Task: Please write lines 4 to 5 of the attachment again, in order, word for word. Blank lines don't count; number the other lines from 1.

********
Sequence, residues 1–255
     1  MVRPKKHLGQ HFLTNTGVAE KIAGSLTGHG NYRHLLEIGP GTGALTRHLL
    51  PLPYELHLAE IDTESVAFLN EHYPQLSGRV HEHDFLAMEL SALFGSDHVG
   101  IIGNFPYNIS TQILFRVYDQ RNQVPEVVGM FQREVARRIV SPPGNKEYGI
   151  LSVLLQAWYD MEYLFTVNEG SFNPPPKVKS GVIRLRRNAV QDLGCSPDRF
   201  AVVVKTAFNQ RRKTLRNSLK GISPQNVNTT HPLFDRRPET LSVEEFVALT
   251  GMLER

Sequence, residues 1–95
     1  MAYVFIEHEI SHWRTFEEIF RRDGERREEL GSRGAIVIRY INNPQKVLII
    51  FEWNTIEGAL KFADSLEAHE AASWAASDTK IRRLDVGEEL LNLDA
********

   101  IIGNFPYNIS TQILFRVYDQ RNQVPEVVGM FQREVARRIV SPPGNKEYGI
   151  LSVLLQAWYD MEYLFTVNEG SFNPPPKVKS GVIRLRRNAV QDLGCSPDRF